This Dem War Hero is Horrified About the Direction of His Party

Sen. Jim Webb, the former Democratic Senator from Virginia who briefly challenged Hillary Clinton in the 2016 presidential election, is horrified that his party is turning so dramatically to the left.

Webb, who had served as Ronald Reagan’s Secretary of the Navy from 1987 to 1988, switched to the Democratic Party in 2006. In an appearance on Sunday’s Meet the Press with host Chuck Todd, Webb skewered the Democrats for being too unbendingly anti-Trump:

“Well, you know, there is a campaign going on on the Hill, in the media, in the academia to personally discredit not only Donald Trump but the people who are around him,” Webb explained. He added that, unfortunately for his party, the result of that is that “by ’18, when the Democrats are very vulnerable particularly in the Senate, they will not be a record of accomplishment that they can run against.”

But in addition to the Democrats’ structural problems in 2018—they have to defend far more seats than Republicans do—Webb thinks they’ll have problems attracting moderate voters, too.

“And at the same time the Democratic Party over the past five or six years has moved very far to the left,” he added. “You know, when you can’t have a Jefferson/Jackson dinner which was the primary, you know, celebratory event of the Democratic Party for years because Jefferson and Jackson were slaveholders, they were also great American in their day, something just different has happened to the Democratic Party.”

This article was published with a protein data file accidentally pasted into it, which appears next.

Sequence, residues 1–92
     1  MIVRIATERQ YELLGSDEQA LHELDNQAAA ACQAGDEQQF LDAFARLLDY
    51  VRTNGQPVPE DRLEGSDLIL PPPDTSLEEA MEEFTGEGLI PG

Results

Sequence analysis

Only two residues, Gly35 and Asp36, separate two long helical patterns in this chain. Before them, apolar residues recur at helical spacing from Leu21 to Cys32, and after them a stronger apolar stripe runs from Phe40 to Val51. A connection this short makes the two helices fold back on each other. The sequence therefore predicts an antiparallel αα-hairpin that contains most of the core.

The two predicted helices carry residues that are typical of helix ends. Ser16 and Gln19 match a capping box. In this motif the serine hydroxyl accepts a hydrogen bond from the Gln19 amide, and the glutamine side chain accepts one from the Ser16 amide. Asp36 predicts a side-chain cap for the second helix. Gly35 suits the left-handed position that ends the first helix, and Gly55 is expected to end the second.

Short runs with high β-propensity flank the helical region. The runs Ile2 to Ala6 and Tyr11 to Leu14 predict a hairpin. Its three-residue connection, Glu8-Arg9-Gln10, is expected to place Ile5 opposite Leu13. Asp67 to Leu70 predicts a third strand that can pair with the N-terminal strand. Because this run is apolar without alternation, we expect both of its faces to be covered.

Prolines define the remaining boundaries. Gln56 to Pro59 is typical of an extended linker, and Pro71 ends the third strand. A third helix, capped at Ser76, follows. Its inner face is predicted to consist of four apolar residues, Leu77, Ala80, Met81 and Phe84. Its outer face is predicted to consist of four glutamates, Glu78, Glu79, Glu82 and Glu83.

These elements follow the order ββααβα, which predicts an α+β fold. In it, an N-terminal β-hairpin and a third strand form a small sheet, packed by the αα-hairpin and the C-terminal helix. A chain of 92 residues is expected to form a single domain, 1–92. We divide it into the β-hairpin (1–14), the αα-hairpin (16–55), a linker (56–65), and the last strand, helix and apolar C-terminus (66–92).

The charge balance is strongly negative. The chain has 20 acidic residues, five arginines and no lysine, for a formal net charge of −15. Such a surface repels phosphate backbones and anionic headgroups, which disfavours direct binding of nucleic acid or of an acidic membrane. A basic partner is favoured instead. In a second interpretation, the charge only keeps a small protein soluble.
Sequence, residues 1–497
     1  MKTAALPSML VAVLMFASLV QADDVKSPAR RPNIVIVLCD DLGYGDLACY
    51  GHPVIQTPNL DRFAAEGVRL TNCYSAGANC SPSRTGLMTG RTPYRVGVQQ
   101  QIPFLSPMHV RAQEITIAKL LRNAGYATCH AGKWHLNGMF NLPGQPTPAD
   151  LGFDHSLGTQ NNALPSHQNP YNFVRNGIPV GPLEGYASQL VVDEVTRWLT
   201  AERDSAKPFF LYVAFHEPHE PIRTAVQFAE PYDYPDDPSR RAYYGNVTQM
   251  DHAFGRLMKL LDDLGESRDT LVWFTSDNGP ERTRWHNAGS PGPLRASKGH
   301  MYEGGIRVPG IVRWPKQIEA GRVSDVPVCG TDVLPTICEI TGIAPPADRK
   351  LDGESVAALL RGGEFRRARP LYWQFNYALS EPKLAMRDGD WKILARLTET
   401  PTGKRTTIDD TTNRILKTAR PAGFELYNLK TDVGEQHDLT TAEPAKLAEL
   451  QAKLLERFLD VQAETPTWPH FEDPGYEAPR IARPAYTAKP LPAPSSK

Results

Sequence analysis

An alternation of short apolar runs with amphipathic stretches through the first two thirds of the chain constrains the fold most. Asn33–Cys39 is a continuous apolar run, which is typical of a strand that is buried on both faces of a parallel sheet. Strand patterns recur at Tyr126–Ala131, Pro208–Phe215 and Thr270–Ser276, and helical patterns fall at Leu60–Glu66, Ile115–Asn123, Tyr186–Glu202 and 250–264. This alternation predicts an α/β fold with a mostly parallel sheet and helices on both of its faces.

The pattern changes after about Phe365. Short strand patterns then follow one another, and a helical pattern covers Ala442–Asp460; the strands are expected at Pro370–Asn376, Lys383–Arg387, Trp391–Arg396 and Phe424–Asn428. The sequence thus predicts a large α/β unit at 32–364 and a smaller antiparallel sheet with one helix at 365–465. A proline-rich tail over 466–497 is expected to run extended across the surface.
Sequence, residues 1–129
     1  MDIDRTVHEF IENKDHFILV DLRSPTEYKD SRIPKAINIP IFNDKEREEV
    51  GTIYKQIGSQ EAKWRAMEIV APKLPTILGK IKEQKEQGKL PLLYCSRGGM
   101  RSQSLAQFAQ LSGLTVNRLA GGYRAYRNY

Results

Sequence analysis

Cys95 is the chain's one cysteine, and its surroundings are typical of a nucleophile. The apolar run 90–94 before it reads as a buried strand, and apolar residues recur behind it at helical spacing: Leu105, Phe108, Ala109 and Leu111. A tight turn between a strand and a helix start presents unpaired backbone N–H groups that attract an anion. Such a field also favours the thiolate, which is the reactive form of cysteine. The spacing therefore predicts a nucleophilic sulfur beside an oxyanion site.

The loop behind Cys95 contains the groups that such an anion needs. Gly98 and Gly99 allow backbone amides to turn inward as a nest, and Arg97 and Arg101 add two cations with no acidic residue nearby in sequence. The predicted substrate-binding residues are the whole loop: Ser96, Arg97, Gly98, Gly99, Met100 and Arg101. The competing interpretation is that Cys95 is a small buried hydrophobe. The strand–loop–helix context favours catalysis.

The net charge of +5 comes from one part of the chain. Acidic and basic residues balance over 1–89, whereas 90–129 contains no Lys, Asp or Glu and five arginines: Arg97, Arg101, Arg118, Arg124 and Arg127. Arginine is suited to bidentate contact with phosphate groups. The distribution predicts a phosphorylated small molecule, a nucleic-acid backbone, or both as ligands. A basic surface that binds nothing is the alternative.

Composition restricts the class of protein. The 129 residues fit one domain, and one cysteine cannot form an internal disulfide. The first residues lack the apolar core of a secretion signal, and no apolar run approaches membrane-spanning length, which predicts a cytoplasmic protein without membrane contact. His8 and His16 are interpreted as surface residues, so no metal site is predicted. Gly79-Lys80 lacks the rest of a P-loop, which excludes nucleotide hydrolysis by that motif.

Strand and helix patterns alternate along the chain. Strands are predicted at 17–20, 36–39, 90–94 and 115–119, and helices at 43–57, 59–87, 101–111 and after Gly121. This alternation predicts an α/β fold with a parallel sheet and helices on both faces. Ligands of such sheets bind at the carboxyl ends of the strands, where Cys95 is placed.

After Todd moved the conversation to identity politics, Webb had even more to say.

Democrats “lost the key part of their base,” Webb explained, due to their relentless focus on identity politics. He added: “My family history goes back to the Roosevelt Democrats, the people who believed that regardless of any of these identity segments you need to have a voice in a quarters of power for those who have no voice. And we’ve lost that with the Democratic Party.”

He further blamed his party for not heeding the lessons of 2010 and 2014—where Republicans swept into some of their largest majorities in the House, Senate, and in state offices in nearly a century.

“The Democrats have not done the kind of self-reflection that they should have starting 2010,” Webb said. “And I was talking about this in the ’10 elections. You’ve lost white working people. You’ve lost flyover land.”

He added that Democrats fundamentally misunderstood the rebellion against the establishment that had been brewing in both parties during the age of Obama, beginning with the Tea Party and Occupy Wall Street.

“You saw in this election what happens when people get frustrated enough—that they say, ‘I’m not going take this aristocracy.’… But there is an aristocracy now that pervades American politics. It’s got to be broken somehow in both parties. And I think that’s what the Trump message was that echoed so strongly…”


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